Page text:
Jordan Allred, Deseret News
The University of Utah did not follow state procurement laws when awarding a $10 million contract to NantHealth to sequence 1,372 genome samples from the Utah Population Database, a legislative audit concludes.

SALT LAKE CITY — The University of Utah did not follow state procurement laws when awarding a $10 million contract to NantHealth to sequence 1,372 genome samples from the Utah Population Database, a legislative audit concludes.

The objective of the Heritage 1K project, also called the H1K, was to understand the genetic basis of 25 different conditions such as autism and breast cancer.

The Heritage 1K project was made possible by a $12 million gift to the university by Dr. Patrick Soon-Shiong, a billionaire physician, who according to published reports is owner of NantHealth. Most of the grant was to be used for sequencing and $2 million for analysis of data, according to the audit.

The audit was conducted at the request of legislative leaders over questions of the propriety of sequencing being performed by a company owned by the donor. It does not specifically name Soon-Shiong, his company or university officials.

“While this audit does not examine improprieties on the part of the donor, it does raise concerns with the lack of a competitive bidding process to award the contract and the resulting inefficient use of the donation,” it states.

During a meeting of the Audit Subcommittee of the Legislative Management Committee late Tuesday evening, House Speaker Greg Hughes raised concerns that it wasn't until after the university received first payments of the gift that the donor asked that NantHealth be the sole provider of the sequencing.

If others could provide the same quality and deliver in a like time frame, it is hard to justify why the donor's company was the only that could perform the sequencing, Hughes said. Some could have performed it for less money, he said.

"The worry is, that's just trying to Cinderella slipper something for one person or one entity," Hughes said.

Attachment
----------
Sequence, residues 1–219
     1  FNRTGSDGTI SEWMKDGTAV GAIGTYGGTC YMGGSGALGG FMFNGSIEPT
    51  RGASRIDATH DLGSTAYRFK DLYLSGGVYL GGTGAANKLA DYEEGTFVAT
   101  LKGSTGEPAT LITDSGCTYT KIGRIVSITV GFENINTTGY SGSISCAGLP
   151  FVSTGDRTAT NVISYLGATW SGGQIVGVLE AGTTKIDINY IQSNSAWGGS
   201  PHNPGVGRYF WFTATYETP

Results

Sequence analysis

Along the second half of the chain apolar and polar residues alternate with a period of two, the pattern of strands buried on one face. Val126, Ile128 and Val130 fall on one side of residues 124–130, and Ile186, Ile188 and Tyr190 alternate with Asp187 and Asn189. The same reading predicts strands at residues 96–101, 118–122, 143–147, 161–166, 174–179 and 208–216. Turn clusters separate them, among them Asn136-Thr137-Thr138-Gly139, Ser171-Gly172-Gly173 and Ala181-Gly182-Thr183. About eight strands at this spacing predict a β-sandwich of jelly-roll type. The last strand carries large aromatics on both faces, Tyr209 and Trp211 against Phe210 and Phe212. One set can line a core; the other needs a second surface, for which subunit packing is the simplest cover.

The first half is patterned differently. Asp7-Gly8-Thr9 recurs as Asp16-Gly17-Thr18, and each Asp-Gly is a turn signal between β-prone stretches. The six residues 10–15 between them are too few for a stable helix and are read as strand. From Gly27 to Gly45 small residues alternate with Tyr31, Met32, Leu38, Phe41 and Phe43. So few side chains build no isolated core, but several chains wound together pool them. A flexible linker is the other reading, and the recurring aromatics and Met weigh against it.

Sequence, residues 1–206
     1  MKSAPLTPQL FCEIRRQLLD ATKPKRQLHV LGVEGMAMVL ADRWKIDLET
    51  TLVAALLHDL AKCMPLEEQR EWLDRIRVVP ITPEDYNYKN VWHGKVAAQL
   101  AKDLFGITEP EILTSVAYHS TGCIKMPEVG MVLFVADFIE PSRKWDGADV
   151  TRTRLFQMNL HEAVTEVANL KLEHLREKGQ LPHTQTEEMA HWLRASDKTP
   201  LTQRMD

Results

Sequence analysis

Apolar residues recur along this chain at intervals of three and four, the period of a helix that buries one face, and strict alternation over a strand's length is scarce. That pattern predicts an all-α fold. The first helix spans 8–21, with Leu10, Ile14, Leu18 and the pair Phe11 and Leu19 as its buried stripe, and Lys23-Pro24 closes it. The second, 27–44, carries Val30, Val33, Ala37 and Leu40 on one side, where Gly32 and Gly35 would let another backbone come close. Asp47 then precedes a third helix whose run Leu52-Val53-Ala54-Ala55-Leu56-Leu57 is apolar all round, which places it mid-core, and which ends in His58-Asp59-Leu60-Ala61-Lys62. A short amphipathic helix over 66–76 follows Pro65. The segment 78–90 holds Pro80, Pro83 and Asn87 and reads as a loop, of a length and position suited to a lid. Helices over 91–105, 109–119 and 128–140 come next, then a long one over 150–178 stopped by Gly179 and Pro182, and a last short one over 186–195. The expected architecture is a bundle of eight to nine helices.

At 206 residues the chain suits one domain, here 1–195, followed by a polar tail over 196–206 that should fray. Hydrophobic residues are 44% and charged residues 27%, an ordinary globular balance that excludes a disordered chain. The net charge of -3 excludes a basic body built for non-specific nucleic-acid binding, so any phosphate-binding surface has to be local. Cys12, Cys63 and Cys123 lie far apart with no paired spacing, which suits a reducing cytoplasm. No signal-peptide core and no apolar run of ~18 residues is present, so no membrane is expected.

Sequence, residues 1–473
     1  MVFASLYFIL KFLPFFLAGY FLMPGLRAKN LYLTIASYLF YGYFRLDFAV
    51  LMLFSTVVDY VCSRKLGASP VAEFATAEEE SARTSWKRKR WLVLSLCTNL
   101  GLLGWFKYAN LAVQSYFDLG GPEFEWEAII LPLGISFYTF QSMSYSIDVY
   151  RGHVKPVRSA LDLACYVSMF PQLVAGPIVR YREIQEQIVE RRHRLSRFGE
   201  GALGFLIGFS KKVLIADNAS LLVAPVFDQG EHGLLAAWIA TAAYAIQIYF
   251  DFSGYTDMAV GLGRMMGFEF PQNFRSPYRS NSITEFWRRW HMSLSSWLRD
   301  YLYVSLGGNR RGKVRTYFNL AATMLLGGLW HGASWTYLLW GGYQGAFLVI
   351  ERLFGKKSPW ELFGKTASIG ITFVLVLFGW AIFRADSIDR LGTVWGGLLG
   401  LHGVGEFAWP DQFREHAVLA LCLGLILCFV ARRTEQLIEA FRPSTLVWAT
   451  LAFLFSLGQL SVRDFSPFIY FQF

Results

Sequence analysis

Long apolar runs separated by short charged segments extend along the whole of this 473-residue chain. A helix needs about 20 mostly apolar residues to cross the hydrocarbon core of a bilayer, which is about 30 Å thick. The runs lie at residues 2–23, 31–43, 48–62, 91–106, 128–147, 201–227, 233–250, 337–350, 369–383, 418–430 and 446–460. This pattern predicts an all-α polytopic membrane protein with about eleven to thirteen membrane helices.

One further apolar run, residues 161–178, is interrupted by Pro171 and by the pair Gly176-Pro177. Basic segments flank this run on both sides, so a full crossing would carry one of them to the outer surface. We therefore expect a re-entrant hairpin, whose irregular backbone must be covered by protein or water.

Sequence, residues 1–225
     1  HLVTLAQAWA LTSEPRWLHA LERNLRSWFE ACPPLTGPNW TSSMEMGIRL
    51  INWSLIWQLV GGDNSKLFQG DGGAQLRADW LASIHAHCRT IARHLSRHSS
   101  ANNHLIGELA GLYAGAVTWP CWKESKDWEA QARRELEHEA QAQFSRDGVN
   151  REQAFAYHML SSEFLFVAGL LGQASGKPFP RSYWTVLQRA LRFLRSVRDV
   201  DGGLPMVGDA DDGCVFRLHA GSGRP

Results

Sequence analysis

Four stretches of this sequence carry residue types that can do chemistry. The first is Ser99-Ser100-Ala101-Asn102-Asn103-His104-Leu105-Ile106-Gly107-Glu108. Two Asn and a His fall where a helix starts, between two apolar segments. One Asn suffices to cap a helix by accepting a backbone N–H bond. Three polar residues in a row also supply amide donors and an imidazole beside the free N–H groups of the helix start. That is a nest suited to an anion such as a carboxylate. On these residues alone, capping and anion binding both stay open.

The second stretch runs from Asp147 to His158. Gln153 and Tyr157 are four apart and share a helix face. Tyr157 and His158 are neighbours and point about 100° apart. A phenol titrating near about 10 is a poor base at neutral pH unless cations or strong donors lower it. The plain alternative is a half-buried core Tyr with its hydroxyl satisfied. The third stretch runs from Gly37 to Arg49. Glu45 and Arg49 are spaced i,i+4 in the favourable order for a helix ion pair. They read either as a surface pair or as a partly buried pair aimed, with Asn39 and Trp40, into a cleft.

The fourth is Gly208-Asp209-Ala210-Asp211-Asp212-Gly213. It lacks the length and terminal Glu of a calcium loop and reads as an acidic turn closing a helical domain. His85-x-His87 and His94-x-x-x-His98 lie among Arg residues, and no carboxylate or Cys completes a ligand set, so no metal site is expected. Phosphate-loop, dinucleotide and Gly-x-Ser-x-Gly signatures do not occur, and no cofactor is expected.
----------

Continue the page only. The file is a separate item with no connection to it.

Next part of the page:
Liz Winter, general counsel for the University of Utah, said many issue could have been avoided had the university sought competitive bids for the sequencing from the start.

"I think in the excitement about the benefit it promised for scientific discovery, people just didn't pay close enough attention to the requirements of the procurement code and what should have happened," Winters said.

"What should have happened is the purchasing department should have been brought in right at the front to help guide the team and go through different options for the team and that would have resulted in an early RFP (request for proposals) to send this out."

Hughes questioned why there was not greater concern at the university when many national publications were questioning the arrangement between the U. and NantHealth.

Winter said the situation was "unusual because of the level of the people who were negotiating it. Typically, their teams will have people working with the purchasing department in putting those together."

The audit, performed by the Utah Office of the Legislative Auditor General, said Utah code requires a competitive procurement for contracts such as Heritage 1K.

“Because the H1K project cost $10 million, far more than the $50,000 threshold, the U of U should have conducted a competitive procurement process. The university believes it did not need to conduct a competitive procurement because it was an allowable exception to the competitive process,” the audit states.

After consulting with legislative attorneys and the director of Utah Purchasing and General Services, “we do not believe the process met the sole source requirements found in the Utah code."

The H1K gift agreement did not specify a service provider. If a provider had been identified as a condition of the gift, competitive bidding would not be required, the audit says.

“Because the request to use his company was a not … a condition of the donation, it did not meet the exception requirements of state code,” the audit concluded.